The Object of Rivalry chooses the Preferred Kinsman over the Rejected Kinsman. This is played for comedy in RomComs, where a owman has to choose between the jock and the loser, and each side fights the other while keeping the girl out of the way.

Murderous Adultery
Requires: two Adulterers; a Betrayed Spouse
Two Adulterers conspire to kill the Betrayed Spouse. This is Double Indemnity. and all the movies that wish they were Double Indemnity

Requires: A Madman; a Victim
The Madman goes insane and wrongs the Victim. When done in a crime genre, this is serial killer versus cop. When done in comics, it’s Joker vs Batman.

Fatal Imprudence
Requires: the Imprudent; a Victim or an Object Lost
The Imprudent, by neglect or ignorance, loses the Object Lost or wrongs the Victim. Someone does or doesn’t do something, there’s a loss, and drama unfolds. How many movies involve a neglected then dead child breaking up a marriage?)

Involuntary Crimes of Love
Requires: a Lover; a Beloved; a Revealer
The Revealer betrays the trust of either the Lover or the Beloved. If you remove the love, or make it non-romantic, this is what drives political thrillers.

Slaying of kin Unrecognized
Requires: the Slayer; an Unrecognized Victim
The Slayer kills the Unrecognized Victim. If you swap sex for murder, this is Oldboy.

Self-Sacrifice for an Ideal
Requires: a Hero; an Ideal; a Creditor or a Person/Thing sacrificed
The Hero sacrifices the Person or Thing for their Ideal, which is then taken by the Creditor. This doesn’t really come up anymore. Was really a big deal in the 1800s. (Modern note: I spent three lines of paper speculating as to why, and concluding that people were super bored)

Self-sacrifice for Kin
Requires: a Hero; a Kinsman; a Creditor or a Person/Thing sacrificed
The Hero sacrifices a Person or Thing for their Kinsman, which is then taken by the Creditor. As in “I’ve give you my secret formula for free energy if you let my sister go!”

All Sacrificed for Passion
Requires: a Lover; an Object of fatal Passion; the Person/Thing sacrificed
A Lover sacrifices a Person or Thing for the Object of their Passion, which is then lost forever. On the elementary, it’s giving up smoking for your girlfriend. On the larger scale, this is walking away from a philosophy to please someone else, and the drama exists in where the person is happiest.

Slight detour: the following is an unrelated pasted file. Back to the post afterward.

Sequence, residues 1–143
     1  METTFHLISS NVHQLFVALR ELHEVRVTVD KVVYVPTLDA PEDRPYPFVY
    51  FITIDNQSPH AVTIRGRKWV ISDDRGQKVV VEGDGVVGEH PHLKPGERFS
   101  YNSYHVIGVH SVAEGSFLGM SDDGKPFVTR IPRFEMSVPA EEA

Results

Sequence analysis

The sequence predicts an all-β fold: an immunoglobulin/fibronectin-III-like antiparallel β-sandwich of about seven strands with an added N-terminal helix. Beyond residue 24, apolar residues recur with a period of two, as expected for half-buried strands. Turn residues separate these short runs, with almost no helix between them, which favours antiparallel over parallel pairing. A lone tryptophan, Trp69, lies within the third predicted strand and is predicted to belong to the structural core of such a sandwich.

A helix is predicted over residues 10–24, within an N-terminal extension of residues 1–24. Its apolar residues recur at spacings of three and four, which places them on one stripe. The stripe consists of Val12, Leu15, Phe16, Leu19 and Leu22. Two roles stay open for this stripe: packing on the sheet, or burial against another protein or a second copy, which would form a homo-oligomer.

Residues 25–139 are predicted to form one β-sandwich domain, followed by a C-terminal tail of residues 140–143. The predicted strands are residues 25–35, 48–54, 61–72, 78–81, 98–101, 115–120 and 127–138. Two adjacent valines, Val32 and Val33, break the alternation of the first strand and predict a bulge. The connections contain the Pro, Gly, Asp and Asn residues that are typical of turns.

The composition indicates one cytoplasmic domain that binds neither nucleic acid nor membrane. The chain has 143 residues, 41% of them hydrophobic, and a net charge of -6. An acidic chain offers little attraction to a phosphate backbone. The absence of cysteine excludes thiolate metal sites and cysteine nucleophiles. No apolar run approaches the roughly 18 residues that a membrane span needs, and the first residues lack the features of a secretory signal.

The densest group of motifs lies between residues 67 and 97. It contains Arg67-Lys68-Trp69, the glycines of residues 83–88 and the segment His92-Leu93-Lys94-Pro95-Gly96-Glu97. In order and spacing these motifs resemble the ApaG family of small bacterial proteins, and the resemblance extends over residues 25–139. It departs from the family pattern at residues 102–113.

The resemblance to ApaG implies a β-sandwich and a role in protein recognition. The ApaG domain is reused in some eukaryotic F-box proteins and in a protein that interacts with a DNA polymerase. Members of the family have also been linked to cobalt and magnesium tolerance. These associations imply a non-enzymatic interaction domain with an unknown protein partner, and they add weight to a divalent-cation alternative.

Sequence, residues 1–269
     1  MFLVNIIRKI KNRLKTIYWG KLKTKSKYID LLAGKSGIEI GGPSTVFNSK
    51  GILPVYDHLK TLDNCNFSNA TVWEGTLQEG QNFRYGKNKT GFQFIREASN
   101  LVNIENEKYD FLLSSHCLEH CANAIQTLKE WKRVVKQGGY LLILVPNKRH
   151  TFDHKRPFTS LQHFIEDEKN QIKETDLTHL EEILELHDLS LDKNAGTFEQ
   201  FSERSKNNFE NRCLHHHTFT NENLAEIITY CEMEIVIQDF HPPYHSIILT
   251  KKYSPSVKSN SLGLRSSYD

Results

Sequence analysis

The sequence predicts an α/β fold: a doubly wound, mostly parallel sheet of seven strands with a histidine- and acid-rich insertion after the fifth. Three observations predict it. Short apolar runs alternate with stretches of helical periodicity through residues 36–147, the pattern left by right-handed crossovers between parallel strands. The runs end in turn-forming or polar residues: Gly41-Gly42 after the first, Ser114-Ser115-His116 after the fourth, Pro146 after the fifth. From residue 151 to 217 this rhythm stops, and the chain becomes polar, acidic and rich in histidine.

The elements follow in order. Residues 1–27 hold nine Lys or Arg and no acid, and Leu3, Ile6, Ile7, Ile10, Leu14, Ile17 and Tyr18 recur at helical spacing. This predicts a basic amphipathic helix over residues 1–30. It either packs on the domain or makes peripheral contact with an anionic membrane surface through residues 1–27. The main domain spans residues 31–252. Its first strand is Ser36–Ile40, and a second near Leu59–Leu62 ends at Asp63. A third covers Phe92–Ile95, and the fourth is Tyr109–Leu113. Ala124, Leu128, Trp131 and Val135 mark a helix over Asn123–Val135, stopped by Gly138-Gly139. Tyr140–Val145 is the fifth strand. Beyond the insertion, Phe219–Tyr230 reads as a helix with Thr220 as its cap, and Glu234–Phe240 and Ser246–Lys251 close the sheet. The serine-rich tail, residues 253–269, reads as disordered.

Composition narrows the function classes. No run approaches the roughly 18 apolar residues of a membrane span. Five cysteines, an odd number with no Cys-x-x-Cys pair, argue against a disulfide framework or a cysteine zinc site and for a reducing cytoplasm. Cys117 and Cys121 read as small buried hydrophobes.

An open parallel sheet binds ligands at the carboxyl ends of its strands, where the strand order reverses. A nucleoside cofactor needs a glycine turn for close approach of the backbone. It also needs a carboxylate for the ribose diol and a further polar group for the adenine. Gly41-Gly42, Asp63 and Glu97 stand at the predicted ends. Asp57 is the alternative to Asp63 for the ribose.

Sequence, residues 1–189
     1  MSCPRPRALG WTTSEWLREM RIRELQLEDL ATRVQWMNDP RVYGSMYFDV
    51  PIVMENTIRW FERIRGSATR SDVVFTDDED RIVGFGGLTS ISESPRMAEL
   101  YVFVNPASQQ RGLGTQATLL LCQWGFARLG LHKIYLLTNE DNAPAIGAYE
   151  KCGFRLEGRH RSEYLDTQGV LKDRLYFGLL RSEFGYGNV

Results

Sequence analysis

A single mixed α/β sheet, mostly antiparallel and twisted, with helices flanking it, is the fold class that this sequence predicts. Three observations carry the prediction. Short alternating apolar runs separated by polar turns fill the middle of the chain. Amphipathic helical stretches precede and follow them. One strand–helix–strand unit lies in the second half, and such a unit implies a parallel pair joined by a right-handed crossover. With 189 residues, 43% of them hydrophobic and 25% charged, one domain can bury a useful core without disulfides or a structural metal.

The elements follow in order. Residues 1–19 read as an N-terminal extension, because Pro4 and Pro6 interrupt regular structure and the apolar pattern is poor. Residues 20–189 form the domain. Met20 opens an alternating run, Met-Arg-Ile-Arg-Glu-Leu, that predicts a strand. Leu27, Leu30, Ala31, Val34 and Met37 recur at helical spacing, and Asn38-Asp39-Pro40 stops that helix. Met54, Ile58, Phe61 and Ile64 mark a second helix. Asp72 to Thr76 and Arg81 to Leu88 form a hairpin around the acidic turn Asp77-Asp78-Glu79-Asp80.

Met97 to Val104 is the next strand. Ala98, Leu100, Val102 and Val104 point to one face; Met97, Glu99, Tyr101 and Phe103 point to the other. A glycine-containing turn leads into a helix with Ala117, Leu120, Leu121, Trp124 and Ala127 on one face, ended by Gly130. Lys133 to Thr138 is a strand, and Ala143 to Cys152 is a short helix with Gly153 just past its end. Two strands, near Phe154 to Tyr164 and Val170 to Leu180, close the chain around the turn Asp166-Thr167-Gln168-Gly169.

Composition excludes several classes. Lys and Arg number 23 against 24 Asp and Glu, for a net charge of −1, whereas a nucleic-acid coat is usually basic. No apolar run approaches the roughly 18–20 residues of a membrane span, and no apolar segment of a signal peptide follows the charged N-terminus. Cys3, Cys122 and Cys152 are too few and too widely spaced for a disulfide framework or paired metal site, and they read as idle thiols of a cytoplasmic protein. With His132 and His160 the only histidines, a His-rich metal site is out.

Necessity of Sacrificing Loved Ones
Requires: a Hero; a Beloved Victim; the Necessity for the Sacrifice
The Hero wrongs the Beloved Victim because of the Necessity for their Sacrifice. There’s often a prophecy involved here that the loved one grows up to be a bad thing, and so they need to be stopped earlier. This is also present in time travel stories.

Rivalry of superior vs. inferior
Requires: a Superior Rival; an Inferior Rival; the Object of Rivalry
A Superior Rival bests an Inferior Rival and wins the Object of Rivalry. If the object in question was “hope”, then this is Empire Strikes Back. The object doesn’t have to be a physical thing.

Requires: Two Adulterers; a Deceived Spouse
Two Adulterers conspire against the Deceived Spouse. They don’t kill the spouse, they just hump a lot and the deceived doesn’t know. Or do they? The tension is in the possible discovery.

Crimes of love
Requires: a Lover; the Beloved
A Lover and the Beloved enter a conflict. If they cause the conflict, it’s Bonnie and Clyde.

Discovery of the dishonour of a loved one
Requires: a Discoverer; the Guilty One
The Discoverer discovers the wrongdoing committed by the Guilty One. Like finding out your husband murders people and eats their faces. Or that their wife is an infamous jewel thief using their marriage as a sham to prepare her best heist ever.

Obstacles to love
Requires: two Lovers; an Obstacle
Two Lovers face an Obstacle together. Like Romeo and Juliet. The Obstacle is always external to their feelings.

An Enemy Loved
Requires: a Lover; the Beloved Enemy; the Hater
The allied Lover and Hater have diametrically opposed attitudes towards the Beloved Enemy. This is a team-up, where two opposing sides have to join up to help a third side out.

Requires: an Ambitious Person; a Thing Coveted; an Adversary
The Ambitious Person seeks the Thing Coveted and is opposed by the Adversary. This is Raiders of the Lost Ark, where the Thing is important to each person involved, but for different reasons

Conflict with a god
Requires: a Mortal; an Immortal
The Mortal and the Immortal enter a conflict. Like the Odyssey, where Odysseus goes around pissing everyone off until he has to get his wife back.

Mistaken jealousy
Requires: a Jealous One; an Object of whose Possession He is Jealous; a Supposed Accomplice; a Cause or an Author of the Mistake